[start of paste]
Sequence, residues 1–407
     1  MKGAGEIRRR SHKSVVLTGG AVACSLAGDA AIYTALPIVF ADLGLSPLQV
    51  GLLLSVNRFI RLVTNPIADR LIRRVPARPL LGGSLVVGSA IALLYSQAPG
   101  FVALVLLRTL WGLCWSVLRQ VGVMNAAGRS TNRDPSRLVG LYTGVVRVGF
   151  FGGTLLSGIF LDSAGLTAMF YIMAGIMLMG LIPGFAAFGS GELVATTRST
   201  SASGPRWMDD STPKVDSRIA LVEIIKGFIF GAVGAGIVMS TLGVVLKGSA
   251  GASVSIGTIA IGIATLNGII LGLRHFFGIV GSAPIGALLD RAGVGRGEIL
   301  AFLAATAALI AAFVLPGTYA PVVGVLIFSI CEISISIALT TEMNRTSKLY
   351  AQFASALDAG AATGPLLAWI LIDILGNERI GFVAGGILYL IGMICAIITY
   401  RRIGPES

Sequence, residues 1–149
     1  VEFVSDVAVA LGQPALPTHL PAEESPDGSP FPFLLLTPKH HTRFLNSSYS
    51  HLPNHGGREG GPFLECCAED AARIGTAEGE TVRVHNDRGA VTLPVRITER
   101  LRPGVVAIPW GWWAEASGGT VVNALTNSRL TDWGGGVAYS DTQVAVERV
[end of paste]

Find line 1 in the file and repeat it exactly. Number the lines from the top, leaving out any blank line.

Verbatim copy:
Sequence, residues 1–407